Hundreds of marchers, many of them men, gathered at Pretoria’s Church Square to highlight the scourge of violence against women and children.
Also in attendance were Minister of Women and Children Bathabile Dlamini, Police Minister Bheki Cele, National Police Commissioner Khehla Sitole, a number of deputy ministers including Mondli Gungubele, Enver Surty and Stella Ndabeni-Abrahams, Tshwane Mayor Solly Msimang, Bishop Malusi Mpumlwana, Public Service and Administration Minister Ayanda Dlodlo, Deputy Speaker in Parliament Lechesa Tsenoli, and Communications Minister Nomvula Mokonyane, who was also the MC for the day.
The event, organised by Government Communications and Information Systems (GCIS), religious leaders and other stakeholders, was held to highlight gender-based violence in the country.
Marchers gathered at Church Square before walking to the Union Buildings precinct.
“There will be order in our families, there will be order in our neighbourhoods,” Tsenoli said.
Msimang reminded all men at the gathering that they should stand up and say “not in our name”.
“Violence against women and children is a crime against humanity,” Dlamini said.
Cele said, “This day should be every day. When these women come battered and bruised at the police station don’t send them back to negotiate… because when you send them back you are sending them to their deaths. Don’t stay with a man that puts their finger in your face, next time they will put a knife in your heart. Walk away…”
He said the police force had brought hundreds of new police officers to the event so that they could hear about abuse of women and children and learn how to be better men.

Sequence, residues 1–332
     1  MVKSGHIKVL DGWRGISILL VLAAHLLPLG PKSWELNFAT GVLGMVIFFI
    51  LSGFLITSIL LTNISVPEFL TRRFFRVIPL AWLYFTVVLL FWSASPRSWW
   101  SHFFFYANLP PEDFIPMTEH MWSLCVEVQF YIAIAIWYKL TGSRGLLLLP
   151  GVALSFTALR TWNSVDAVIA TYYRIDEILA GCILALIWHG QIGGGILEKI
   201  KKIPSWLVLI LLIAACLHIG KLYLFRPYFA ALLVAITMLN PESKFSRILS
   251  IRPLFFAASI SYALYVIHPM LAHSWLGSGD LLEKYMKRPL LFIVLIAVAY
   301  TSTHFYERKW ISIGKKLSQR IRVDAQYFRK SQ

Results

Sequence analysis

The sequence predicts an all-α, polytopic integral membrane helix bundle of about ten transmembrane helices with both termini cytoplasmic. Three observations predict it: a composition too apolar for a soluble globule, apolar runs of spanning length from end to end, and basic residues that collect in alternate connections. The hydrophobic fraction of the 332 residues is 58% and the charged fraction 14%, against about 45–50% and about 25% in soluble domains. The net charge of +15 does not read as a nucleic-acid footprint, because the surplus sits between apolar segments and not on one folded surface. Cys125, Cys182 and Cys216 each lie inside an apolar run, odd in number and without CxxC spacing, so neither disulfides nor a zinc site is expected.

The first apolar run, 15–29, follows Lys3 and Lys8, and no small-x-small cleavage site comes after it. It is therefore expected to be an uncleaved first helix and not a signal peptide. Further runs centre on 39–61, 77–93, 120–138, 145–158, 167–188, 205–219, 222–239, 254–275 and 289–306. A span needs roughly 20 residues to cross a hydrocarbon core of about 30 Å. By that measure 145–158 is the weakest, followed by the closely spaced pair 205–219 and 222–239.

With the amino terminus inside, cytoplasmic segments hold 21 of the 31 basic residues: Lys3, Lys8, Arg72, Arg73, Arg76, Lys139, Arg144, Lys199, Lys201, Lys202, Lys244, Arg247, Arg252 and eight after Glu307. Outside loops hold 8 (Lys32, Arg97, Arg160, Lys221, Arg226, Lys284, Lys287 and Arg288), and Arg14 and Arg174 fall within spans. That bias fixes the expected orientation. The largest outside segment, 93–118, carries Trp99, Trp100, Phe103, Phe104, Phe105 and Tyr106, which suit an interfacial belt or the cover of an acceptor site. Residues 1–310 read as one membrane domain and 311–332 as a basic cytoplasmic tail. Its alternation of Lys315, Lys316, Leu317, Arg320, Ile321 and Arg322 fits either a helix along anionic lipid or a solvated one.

Yusuf Abramjee of Safe South Africa said:
“Let’s make it 360 days of activism. We want to tell the perpetrators that we are coming for them.”
Abramjee asked law-enforcement agencies to arrest and convict the perpetrators of gender-based violence..
“We can’t have future leaders when we abuse our women and children,” said Kimberly Malope, a young motivational speaker. “We want to see our women and children thrive in our society.”
The church also presented a programme through Mpumlwana, who outlined what religious communities would do in their constituencies to end abuse of women and children.
“We are here because we men don’t know how to be proper men to our women. We have families in our churches who need our protection.”
Mpumlwana said religious communities would be involved in working together, not only against gender-based violence but also the sources of the violence, which include poverty.
“I’m here as a government employee and in a personal capacity to support,” said Willie Phalane, a GCIS employee. “We need to learn that abusing women and children is a crime.”
Also in attendance were the under-21 Blue Bulls rugby team.
“We are here with the whole under-21 Blue Bulls team,” said Zandre Kruger, 20, a member of the team.
“Lots of supporters of our team are women and children, so we are hoping to use our presence to influence our many supporters to spare a thought for abused women and children. I think the message is clear enough. Everyone can see this is an important initiative.”
“I’m here because I stand against women and child abuse,” said Tinyiko Hlabela, 43, from Johannesburg. “The country is not yet free when women and kids still suffer abuse at the hands of those who should be protecting them. I think the message has been made clear. It will certainly go far and wide.”
Moshere Ramogale, 43, said he was there “because I needed to stand up with other good men in the fight against the killing and abuse of women and children. What we need now as a country is to hold one anothers’ hands and raise a responsible nation. Whether it’s corruption or the abuse of women. No, not in my name.”
The gathering wrapped up at the Union Buildings where organisations in attendance stressed that “No Means No”.
Various activists against the abuse of women and children said the event had been a success, and that they were confident the message was made clear to all. The organisations also vowed to ensure continuity in the fight against abuse, and for law enforcement to play a more meaningful role. DM
Fist bumps are more hygienic than high fives or handshakes.